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A couple of days ago I was listening to a DVD lent to me by a friend. I won’t give the speaker’s name, but I was greatly disturbed by what he had to say.

Let me start by saying that, as long as he kept to the role of teacher, he was quite good. Unfortunately, he was not prepared to remain in that role, and kept trying to venture into the office of prophet: and every time he did, he became an accuser of the brethren.

In the two messages I watched (there were five more in the series, which I didn’t even bother with) he repeatedly named both individuals and organizations that he claimed were away from God. He did this giving very little reason for his judgments, and in the few cases where he did give explanations they frequently related to events in the individual’s life before he or she was born again.

Now I am the first to acknowledge that there are many things in the church today that are not according to the Word of God, and that should not be acceptable to the people of God. I am also the first to say that, in relation to the “revivals” of the last twenty years or so, there has been much accompanying them that has not been of God. In fact, for a while I left the Pentecostal movement because of the excesses that came with one particular revival. And yes, I very definitely believe that we should be willing to expose false teaching and ungodly practice.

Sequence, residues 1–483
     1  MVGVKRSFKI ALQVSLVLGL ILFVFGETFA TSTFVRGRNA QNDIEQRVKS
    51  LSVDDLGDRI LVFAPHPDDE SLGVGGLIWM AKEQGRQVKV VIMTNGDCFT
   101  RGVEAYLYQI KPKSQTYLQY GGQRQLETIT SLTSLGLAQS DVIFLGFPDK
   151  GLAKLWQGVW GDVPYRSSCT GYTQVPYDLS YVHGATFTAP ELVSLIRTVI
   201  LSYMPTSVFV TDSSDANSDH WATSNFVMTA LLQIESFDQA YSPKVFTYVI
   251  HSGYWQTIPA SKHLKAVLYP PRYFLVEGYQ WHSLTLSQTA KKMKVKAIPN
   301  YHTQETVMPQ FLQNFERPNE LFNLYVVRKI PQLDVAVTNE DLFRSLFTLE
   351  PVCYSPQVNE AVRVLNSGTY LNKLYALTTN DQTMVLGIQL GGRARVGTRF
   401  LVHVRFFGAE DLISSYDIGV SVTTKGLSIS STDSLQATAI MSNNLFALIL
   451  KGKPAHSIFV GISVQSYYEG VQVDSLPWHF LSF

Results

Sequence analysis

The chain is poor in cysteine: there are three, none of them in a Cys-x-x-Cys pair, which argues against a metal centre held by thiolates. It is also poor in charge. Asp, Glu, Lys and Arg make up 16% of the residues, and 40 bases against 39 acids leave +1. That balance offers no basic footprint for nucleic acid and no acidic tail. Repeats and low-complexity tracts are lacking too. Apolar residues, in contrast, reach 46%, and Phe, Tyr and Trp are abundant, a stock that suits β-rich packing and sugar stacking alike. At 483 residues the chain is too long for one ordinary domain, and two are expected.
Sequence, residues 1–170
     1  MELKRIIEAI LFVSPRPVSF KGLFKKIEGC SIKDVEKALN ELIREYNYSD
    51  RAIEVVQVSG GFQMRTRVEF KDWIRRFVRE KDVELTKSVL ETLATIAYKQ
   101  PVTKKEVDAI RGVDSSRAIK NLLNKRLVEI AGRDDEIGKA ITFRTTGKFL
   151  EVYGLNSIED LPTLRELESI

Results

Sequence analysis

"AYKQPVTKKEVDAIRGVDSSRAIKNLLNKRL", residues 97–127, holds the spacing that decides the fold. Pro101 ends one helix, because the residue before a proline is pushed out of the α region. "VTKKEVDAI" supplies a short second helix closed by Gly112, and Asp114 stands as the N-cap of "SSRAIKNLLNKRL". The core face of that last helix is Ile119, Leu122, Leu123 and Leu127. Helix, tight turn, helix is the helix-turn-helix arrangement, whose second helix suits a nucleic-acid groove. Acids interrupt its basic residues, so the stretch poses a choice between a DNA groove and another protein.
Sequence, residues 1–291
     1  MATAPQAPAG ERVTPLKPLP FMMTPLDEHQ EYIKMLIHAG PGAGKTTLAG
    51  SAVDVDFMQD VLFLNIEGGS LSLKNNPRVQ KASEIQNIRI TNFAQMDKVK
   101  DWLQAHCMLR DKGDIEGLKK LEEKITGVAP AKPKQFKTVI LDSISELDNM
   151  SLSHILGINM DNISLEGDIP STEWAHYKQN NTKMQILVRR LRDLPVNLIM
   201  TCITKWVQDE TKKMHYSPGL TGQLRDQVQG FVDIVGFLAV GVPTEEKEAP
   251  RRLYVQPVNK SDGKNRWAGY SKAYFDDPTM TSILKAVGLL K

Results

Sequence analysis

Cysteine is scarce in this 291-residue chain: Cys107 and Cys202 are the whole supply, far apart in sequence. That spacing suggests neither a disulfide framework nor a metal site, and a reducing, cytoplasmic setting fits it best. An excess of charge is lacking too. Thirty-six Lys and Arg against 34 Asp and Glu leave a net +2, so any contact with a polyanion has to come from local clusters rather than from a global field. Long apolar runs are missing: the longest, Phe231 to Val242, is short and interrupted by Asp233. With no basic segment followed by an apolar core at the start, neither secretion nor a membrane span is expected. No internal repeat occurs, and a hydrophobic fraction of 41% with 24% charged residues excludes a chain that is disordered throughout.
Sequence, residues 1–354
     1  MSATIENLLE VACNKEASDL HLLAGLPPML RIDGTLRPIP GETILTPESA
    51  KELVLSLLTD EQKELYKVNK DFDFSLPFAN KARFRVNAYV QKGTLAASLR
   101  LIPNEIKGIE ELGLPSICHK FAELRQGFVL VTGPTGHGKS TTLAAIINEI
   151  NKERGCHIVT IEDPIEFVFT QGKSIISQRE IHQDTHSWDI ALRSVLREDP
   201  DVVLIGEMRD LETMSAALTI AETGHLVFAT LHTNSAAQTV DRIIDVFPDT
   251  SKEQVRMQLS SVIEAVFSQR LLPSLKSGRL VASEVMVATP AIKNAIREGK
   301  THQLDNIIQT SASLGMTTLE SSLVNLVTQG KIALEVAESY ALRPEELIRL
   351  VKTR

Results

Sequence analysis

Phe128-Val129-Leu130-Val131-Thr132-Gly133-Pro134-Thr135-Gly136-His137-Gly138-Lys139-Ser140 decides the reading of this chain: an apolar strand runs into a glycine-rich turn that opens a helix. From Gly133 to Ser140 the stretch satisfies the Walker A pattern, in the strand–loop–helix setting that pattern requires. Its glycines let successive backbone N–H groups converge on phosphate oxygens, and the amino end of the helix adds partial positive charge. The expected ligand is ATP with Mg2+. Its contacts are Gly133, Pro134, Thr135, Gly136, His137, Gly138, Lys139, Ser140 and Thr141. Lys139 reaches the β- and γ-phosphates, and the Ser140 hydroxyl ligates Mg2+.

That does not, however, mean that we can write off entire movements as “not of God”. The fact that there are counterfeits and excesses may actually be evidence that the movement itself is of God – you can only counterfeit that which is real. (Ever seen a counterfeit $99 note? Nope – because there are no real $99 notes!)

Nor does it mean that we have the right to attack individuals. Something about “judge not lest you also be judged!” There is a great difference between saying that what someone is doing or teaching is wrong, and saying that the person himself is not of God or is unsaved.

What does this have to do with spiritual warfare? Simply this: the Word tells us that the devil is the accuser of the brethren. (Rev. 12:10) When we accuse the brethren, we are standing on the devil’s side against the Body of Christ. We cannot be on both sides of the battle at once: either we are in God’s army, or we are in the devil’s.

Satan does his job as accuser very well. He really does not need the Body of Christ to help him with it. In our warfare we should be seeking to pull our brothers and sisters out of the devil’s clutches, not condemn them to hell with him. By all means, denounce ungodly practices and false teaching; but when it comes to our brothers and sisters in Christ, don’t tear them down – just pray for them that God will bring them into truth.

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